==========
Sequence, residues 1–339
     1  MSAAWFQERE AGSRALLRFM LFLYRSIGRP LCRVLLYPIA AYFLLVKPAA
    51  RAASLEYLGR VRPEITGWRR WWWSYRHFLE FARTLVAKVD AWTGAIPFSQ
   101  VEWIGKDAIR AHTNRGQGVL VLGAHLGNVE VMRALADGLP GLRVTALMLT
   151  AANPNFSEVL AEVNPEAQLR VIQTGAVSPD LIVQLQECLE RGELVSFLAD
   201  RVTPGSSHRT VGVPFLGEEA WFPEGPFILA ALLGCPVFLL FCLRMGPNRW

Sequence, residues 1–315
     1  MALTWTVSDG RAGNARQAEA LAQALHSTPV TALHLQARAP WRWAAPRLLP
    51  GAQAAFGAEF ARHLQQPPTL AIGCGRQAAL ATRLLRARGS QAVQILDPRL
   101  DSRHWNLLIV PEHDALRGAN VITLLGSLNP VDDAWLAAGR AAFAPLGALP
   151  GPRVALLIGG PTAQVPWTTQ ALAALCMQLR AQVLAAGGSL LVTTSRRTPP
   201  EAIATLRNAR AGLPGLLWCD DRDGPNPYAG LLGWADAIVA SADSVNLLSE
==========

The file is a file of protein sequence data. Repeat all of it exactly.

Sequence, residues 1–339
     1  MSAAWFQERE AGSRALLRFM LFLYRSIGRP LCRVLLYPIA AYFLLVKPAA
    51  RAASLEYLGR VRPEITGWRR WWWSYRHFLE FARTLVAKVD AWTGAIPFSQ
   101  VEWIGKDAIR AHTNRGQGVL VLGAHLGNVE VMRALADGLP GLRVTALMLT
   151  AANPNFSEVL AEVNPEAQLR VIQTGAVSPD LIVQLQECLE RGELVSFLAD
   201  RVTPGSSHRT VGVPFLGEEA WFPEGPFILA ALLGCPVFLL FCLRMGPNRW

Sequence, residues 1–315
     1  MALTWTVSDG RAGNARQAEA LAQALHSTPV TALHLQARAP WRWAAPRLLP
    51  GAQAAFGAEF ARHLQQPPTL AIGCGRQAAL ATRLLRARGS QAVQILDPRL
   101  DSRHWNLLIV PEHDALRGAN VITLLGSLNP VDDAWLAAGR AAFAPLGALP
   151  GPRVALLIGG PTAQVPWTTQ ALAALCMQLR AQVLAAGGSL LVTTSRRTPP
   201  EAIATLRNAR AGLPGLLWCD DRDGPNPYAG LLGWADAIVA SADSVNLLSE